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African football won't support Bility's FIFA president bid

African football leaders won't support FIFA presidential bid by Liberia's Bility

African football won't support Bility's FIFA president bid

CAIRO (AP) -- FIFA presidential hopeful Musa Bility of Liberia has failed to get the support of his fellow African football leaders.

The Confederation of African Football said its executive committee heard Bility's campaign pitch at a meeting on Thursday and decided against supporting him to succeed Sepp Blatter.

Bility was rejected unanimously after a meeting "full of sincerity and warmth" and having been wished good luck, CAF said in a statement.

The Liberia football federation declared his intentions on June 18 without apparent encouragement from CAF President Issa Hayatou.

"If Africa doesn't put up a candidate it says a lot about us," Bility said then.

The CAF statement, which was issued after an executive meeting in Cairo, made no mention of possible contenders from Africa or elsewhere it might support.

Hayatou, the FIFA senior vice president from Cameroon, lost to Blatter in 2002 and has not suggested he would run again in the Feb. 26 ballot.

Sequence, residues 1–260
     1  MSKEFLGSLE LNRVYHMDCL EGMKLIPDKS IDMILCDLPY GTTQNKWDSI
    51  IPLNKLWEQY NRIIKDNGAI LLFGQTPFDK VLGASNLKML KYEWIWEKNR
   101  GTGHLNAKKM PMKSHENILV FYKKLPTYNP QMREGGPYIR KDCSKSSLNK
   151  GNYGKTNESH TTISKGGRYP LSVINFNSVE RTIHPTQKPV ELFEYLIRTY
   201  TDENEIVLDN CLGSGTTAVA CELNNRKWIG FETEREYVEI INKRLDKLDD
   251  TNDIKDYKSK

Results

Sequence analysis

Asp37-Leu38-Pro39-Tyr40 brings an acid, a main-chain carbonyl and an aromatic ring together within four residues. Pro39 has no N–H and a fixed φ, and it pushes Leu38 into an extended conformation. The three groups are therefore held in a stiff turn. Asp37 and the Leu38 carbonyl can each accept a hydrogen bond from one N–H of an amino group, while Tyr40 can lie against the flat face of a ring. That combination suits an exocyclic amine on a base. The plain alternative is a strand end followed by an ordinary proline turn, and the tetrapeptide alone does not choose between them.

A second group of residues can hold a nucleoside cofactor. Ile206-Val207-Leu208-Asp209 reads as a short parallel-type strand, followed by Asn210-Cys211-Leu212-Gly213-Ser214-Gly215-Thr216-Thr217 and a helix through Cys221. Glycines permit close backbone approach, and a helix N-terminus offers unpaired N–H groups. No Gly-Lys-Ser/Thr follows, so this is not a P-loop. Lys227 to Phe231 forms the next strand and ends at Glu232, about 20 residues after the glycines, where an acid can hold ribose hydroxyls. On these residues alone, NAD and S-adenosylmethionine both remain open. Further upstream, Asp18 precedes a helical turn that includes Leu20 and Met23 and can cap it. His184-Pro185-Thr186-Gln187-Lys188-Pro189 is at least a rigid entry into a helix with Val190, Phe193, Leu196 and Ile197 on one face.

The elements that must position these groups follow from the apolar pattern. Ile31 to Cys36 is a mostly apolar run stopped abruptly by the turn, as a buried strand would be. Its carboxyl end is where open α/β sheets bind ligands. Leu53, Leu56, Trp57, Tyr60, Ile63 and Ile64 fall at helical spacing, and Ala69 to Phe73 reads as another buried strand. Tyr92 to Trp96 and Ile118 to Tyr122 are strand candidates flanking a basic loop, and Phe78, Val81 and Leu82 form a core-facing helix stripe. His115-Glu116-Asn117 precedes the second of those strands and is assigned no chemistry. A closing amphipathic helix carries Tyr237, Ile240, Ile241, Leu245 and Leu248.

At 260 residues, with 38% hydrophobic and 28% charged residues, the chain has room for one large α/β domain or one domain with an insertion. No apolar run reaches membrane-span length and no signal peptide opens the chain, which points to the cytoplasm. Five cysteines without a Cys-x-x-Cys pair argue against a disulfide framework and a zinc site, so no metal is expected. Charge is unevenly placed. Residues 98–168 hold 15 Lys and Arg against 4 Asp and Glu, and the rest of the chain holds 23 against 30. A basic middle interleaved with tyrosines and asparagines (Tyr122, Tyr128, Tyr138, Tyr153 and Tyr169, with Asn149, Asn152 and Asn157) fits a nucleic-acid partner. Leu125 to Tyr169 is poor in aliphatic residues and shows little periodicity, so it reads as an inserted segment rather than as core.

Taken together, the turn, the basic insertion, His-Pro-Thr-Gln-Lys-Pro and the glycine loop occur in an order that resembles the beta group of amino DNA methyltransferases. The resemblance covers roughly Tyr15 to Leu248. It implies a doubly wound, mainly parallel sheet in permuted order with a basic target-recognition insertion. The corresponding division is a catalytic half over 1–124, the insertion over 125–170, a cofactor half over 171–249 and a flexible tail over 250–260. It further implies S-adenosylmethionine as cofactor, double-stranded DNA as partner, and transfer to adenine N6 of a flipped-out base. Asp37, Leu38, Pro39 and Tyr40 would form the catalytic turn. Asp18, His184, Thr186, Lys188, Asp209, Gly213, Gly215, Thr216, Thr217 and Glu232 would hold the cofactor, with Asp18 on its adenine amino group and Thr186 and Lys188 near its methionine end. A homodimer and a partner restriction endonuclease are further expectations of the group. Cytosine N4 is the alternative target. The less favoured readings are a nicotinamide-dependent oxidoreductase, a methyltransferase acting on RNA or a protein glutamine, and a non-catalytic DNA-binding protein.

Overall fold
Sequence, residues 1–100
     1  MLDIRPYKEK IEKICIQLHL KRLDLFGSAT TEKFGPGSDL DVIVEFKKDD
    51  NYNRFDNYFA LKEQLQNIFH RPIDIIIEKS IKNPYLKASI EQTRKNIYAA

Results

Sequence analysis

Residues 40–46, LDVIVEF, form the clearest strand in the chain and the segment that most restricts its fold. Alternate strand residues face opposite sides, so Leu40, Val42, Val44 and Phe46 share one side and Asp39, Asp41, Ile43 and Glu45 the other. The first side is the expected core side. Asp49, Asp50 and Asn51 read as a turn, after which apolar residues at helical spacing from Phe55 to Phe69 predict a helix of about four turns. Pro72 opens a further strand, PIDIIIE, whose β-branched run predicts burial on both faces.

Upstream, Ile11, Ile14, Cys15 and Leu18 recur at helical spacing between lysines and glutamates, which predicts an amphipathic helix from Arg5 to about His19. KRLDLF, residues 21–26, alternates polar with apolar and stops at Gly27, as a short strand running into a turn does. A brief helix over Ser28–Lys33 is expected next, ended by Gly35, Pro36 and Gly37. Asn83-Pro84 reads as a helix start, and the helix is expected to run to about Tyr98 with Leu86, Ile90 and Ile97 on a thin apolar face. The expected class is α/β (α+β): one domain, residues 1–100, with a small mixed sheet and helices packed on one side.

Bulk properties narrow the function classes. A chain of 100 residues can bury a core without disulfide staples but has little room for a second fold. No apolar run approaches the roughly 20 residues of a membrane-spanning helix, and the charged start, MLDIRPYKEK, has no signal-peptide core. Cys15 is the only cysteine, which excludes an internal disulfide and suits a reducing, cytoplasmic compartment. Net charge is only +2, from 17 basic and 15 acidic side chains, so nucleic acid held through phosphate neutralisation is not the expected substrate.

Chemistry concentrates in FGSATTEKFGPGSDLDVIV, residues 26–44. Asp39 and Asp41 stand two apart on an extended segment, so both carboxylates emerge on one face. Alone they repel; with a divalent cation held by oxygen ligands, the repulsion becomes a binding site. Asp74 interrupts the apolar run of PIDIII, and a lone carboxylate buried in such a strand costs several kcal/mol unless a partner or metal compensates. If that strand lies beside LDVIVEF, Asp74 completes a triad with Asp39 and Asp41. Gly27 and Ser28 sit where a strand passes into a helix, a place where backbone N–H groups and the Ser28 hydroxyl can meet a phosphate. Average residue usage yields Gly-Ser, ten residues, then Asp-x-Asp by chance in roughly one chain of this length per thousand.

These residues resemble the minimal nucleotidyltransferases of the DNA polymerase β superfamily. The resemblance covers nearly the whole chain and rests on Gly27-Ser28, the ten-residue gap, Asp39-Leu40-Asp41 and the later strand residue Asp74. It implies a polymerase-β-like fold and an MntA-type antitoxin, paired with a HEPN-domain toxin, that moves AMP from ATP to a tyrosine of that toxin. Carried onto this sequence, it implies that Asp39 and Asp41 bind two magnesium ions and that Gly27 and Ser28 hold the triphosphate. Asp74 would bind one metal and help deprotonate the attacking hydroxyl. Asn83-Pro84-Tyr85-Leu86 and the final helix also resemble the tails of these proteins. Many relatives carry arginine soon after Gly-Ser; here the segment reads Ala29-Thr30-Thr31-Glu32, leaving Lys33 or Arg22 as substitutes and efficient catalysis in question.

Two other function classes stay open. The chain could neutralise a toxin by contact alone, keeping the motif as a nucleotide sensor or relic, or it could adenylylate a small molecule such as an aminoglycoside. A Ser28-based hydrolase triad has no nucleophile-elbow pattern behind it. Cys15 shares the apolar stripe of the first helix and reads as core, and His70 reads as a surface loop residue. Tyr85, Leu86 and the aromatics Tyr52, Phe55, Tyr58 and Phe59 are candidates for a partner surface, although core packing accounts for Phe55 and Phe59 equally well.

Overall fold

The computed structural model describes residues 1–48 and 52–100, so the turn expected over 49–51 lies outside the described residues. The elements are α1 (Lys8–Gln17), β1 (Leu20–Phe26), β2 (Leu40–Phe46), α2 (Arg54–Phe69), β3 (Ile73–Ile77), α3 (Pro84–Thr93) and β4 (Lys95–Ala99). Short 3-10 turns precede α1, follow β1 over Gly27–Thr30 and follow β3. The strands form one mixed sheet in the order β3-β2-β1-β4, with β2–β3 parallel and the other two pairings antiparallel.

South African businessman Tokyo Sexwale, a member of FIFA's discrimination task force, has been tipped as a possible candidate. Sexwale was promoted by Blatter in May to broker better relations between the Israeli and Palestinian football bodies.

CAF said Thursday that its executive committee wants time to study all options.

The panel will next meet on Oct. 27, the day after FIFA's deadline for applications. Contenders need to be nominated by five of FIFA's 209 member federations to be considered as candidates.

Regarding FIFA reforms, the African body nominated its two members of an 11-strong task force Blatter announced would oversee proposed changes to help rebuild the scandal-hit governing body's reputation.

The nominees, Hany Abo Rida of Egypt and Constant Omari of Congo, are both members of FIFA's much-discredited executive committee.

Their selection is unlikely to impress World Cup sponsors such as Coca-Cola and Visa which have asked FIFA to appoint a truly independent reform commission with "eminent" leaders from outside football.

Updated : 2021-09-29 00:40 GMT+08:00